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|Story||Oh Snap – to boldly package where no one has packaged before||Roy Schestowitz||30/04/2017 - 12:45pm|
|Story||Kubuntu 17.04 - the next generation||Roy Schestowitz||30/04/2017 - 12:41pm|
|Story||KDE vs. GNOME Design Philosophies||Roy Schestowitz||30/04/2017 - 12:37pm|
|Story||Kubuntu 17.04 Zesty Zaphod - Kawabuntu!||Roy Schestowitz||30/04/2017 - 3:22am|
|Story||A switch to Android and 50 Essential Android Apps||Roy Schestowitz||30/04/2017 - 3:12am|
|Story||Red Hat and Fedora||Roy Schestowitz||30/04/2017 - 3:11am|
|Story||Leftovers: OSS||Roy Schestowitz||30/04/2017 - 2:19am|
|Story||R1Soft's Backup Backport, TrustZone CryptoCell in Linux||Roy Schestowitz||30/04/2017 - 2:17am|
|Story||Lakka 2.0 stable release!||Roy Schestowitz||30/04/2017 - 1:57am|
|Story||Leftovers: Gaming||Roy Schestowitz||30/04/2017 - 1:55am|
One of the great disadvantages of the Linux desktop is its software distribution mechanism. While the overall concept of central software repos works great and has been adapted into powerful Stores in commercial products, deploying and using programs, delivered as packages, is a tricky business. It stems from the wider fragmentation of the distro ecospace, and it essence, it means that if you want to release your product, you must compile it 150 odd ways, not just for different distributions but also for different versions of the same distribution. Naturally, this model scares away the big game.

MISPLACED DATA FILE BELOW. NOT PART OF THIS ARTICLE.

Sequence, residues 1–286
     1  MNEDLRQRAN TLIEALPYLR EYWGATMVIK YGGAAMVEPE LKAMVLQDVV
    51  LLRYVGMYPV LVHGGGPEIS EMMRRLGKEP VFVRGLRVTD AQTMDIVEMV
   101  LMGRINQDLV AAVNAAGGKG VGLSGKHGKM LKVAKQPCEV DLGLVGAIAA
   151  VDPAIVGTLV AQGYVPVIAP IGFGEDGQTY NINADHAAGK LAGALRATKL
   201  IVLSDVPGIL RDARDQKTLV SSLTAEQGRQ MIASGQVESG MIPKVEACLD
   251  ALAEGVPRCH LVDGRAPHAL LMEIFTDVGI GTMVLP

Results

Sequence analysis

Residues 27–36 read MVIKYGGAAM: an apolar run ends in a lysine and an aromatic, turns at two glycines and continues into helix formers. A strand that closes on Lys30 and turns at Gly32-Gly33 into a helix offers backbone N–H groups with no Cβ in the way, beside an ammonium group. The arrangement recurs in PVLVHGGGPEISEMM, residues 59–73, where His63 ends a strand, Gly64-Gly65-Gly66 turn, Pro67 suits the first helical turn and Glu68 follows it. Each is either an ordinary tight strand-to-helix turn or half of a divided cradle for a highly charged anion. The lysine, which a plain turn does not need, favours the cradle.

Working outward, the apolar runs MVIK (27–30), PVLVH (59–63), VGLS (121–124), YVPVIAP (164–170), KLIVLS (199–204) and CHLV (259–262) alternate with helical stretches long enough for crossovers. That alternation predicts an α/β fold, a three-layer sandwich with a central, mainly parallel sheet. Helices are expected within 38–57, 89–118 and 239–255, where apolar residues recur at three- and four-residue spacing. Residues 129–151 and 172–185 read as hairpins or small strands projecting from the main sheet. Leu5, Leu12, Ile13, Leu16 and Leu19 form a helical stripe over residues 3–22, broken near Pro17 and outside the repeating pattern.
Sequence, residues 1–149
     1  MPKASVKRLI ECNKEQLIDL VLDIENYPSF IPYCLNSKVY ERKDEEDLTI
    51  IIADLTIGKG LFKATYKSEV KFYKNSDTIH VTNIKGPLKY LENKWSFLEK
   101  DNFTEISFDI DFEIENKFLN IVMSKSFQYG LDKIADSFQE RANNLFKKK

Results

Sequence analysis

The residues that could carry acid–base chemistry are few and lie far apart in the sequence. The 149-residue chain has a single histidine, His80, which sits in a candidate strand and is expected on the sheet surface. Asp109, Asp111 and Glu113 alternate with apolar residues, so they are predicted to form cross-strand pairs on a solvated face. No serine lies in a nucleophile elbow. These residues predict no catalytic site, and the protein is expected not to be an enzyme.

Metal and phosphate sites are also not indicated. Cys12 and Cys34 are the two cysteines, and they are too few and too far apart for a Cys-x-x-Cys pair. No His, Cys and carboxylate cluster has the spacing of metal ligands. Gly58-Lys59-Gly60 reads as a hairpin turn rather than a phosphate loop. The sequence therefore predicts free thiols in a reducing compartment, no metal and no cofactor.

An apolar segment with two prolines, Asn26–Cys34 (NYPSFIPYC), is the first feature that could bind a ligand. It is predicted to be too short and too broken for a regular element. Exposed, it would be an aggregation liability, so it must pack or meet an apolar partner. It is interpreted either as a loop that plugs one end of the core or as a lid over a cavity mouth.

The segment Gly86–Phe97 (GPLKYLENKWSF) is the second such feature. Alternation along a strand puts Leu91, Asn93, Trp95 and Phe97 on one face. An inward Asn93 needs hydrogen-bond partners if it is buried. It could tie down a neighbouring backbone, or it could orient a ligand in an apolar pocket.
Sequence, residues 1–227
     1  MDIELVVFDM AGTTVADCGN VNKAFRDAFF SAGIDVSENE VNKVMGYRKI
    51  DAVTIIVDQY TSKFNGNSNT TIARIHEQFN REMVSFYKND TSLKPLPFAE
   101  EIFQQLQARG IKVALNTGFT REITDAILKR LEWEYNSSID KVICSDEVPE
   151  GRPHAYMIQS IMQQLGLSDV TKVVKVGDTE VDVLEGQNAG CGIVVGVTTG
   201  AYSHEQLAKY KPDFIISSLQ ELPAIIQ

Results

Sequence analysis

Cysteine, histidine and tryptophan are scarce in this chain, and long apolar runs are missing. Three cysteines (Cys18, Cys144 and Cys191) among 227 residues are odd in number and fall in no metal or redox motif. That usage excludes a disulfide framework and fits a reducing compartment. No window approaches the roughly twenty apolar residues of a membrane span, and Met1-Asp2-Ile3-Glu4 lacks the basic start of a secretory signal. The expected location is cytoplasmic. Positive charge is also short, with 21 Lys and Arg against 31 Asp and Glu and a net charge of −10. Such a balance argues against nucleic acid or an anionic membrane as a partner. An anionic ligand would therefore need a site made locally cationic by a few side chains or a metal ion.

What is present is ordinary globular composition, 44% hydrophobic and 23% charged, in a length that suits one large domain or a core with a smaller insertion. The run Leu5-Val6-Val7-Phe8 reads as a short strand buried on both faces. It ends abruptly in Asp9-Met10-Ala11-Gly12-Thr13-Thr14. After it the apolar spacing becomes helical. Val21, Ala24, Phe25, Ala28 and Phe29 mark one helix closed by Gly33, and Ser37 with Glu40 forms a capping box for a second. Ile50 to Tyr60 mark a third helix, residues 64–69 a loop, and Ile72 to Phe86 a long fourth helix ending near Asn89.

Recently though, there have been several attempts to make Linux packages more cross-distro and minimize the gap between distributions. The name of the game: Snap, and we’ve tasted this app-container framework before. It is unto Linux what, well, Windows stuff is unto Windows, in a way. Not quite statically compiled stuff, but definitely independent. I had it tested again in Ubuntu 17.04, and it would appear that Snap is getting more and more traction. Let’s have another look.
As usual, Kubuntu 17.04 does not give you any surprises. It is stable and reliable. It is reasonably resource-hungry. There are no wonders in this new release. Just a well-rounded distribution for everyday use.
Yes, there are small bugs or inconveniences here and there, but they are not huge and can be easily fixed, replaced or lived with. The biggest of them for me, of course, is the lack of multimedia codecs. You can heal that easily.
The days are gone when the Linux desktop was dominated almost entirely by KDE and GNOME. However, the influence of their design philosophy remains, with KDE favored by a third of users, and many modern desktop alternatives, from GNOME itself to Linux Mint’s Cinnamon and MATE using applications originally designed for GNOME. Broadly speaking, KDE’s design philosopy can be described as completist, and designed for users of all levels of experience, while GNOME’s is minimalist, and aimed particularly at new users — although all levels of users can appreciate GNOME design as well.
By “completist,” I mean that KDE applications try to include every function that could possibly be included in a task. Confusion is limited by the setting of intelligent defaults, but more functions are still visible than most everyday uses require. Perhaps the ultimate example of this design is digiKam, which over the year has calved new windows the way that polar ice caps calve glaciers.